300 years of paper valentines, thousands of I Love Yous

A British cut-paper Valentine card, made by Elizabeth Cobbold in around 1810. The card is part of a collection of about 12,000 assembled by Nancy Rosin.
A British cut-paper Valentine card, made by Elizabeth Cobbold in around 1810. The card is part of a collection of about 12,000 assembled by Nancy Rosin.PHOTO: NYTIMES

NEW YORK (NYTimes) - Paper valentines spanning three centuries of optimism about romance have been delivered to the Huntington Library, Art Collections and Botanical Gardens in San Marino, California. The collection of about 12,000 cards was assembled over four decades by Ms Nancy Rosin, a historian and collector in Franklin Lakes, New Jersey, whose family has donated it to the museum.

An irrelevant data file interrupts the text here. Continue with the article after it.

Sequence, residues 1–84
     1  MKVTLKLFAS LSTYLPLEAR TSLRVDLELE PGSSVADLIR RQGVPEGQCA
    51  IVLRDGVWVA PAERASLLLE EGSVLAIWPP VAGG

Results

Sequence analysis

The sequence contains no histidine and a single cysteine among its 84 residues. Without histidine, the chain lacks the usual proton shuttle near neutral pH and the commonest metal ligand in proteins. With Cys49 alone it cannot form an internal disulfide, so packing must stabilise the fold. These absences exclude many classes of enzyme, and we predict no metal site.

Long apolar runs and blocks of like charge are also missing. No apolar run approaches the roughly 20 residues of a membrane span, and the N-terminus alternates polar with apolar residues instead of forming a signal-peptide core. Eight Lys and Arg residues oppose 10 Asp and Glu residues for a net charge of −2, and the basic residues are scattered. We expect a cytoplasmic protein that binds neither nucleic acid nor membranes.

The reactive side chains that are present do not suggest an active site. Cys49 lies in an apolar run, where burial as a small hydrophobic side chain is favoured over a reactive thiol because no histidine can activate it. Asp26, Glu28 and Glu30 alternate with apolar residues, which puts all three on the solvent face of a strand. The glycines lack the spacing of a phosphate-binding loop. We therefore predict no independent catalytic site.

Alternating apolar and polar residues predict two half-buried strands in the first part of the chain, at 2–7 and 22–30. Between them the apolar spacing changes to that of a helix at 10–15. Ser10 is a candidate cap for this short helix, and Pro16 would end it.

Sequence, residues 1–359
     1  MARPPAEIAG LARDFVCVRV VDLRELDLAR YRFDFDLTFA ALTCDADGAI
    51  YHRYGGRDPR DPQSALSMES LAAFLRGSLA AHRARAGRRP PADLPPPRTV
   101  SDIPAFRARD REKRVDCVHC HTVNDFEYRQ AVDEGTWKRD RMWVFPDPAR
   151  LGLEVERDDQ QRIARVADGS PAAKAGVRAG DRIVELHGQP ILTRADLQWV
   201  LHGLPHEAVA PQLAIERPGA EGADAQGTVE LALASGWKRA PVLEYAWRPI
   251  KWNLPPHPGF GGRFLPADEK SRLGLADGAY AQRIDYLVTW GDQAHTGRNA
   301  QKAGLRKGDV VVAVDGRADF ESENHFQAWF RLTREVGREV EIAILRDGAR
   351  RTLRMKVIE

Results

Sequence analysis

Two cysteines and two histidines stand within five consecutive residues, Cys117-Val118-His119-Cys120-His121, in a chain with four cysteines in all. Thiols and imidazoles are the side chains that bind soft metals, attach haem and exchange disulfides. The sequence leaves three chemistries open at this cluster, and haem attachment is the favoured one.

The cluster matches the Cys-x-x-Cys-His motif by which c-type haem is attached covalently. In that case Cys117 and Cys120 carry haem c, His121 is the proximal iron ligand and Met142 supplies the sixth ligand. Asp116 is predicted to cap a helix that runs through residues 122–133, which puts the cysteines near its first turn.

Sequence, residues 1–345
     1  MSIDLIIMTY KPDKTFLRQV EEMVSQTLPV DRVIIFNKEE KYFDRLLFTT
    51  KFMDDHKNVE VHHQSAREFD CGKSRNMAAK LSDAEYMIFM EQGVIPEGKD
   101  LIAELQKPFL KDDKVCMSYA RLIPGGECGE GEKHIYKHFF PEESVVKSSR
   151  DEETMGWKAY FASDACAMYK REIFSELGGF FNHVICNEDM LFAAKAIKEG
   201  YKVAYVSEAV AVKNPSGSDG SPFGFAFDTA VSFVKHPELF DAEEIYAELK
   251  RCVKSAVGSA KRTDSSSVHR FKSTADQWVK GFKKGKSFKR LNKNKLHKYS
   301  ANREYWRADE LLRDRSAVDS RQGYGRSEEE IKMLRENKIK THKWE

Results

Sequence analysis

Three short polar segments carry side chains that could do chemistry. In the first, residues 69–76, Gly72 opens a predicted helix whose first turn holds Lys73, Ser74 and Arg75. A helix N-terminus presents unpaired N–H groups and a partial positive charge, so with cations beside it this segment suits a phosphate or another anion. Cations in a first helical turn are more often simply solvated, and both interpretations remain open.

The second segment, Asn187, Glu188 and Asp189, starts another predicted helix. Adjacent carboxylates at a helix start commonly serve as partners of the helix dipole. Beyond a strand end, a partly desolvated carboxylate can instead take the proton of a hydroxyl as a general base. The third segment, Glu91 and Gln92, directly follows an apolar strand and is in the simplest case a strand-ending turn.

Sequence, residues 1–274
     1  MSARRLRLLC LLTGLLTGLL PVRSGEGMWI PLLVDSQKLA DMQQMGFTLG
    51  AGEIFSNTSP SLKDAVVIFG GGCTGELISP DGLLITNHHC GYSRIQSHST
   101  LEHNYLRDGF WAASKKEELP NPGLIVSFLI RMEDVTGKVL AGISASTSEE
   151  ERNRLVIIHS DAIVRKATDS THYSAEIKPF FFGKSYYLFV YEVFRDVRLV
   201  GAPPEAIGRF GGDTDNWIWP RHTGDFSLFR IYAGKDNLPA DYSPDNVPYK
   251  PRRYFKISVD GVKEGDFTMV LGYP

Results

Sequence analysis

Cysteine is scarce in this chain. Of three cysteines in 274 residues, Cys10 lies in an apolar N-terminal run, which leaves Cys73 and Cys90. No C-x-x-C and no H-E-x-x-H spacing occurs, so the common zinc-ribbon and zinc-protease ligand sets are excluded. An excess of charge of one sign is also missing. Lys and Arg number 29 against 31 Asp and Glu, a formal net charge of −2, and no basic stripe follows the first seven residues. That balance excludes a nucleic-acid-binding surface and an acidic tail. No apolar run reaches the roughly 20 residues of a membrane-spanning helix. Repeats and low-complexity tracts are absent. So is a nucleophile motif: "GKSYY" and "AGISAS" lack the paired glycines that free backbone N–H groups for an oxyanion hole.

Ms Rosin spent up to thousands of dollars each for the valentines, which were produced as early as the 1680s. Their motifs, aside from the expected hearts and Cupids, can seem unsentimental. Images of battlefield tents represented spaces where soldiers could carve out time to write to their sweethearts, and depictions of caged mice may symbolize a desire to keep beloveds captive.

"Love was expressed in so many ways," said Ms Rosin, who also helps catalog valentines at the Metropolitan Museum of Art in New York.

Inscriptions and names on the cards and envelopes sometimes make it possible to determine which correspondents ended up happily married and which broke up, she saif. In some cases, she added, women would reject men who had spent too much money on elaborate valentines.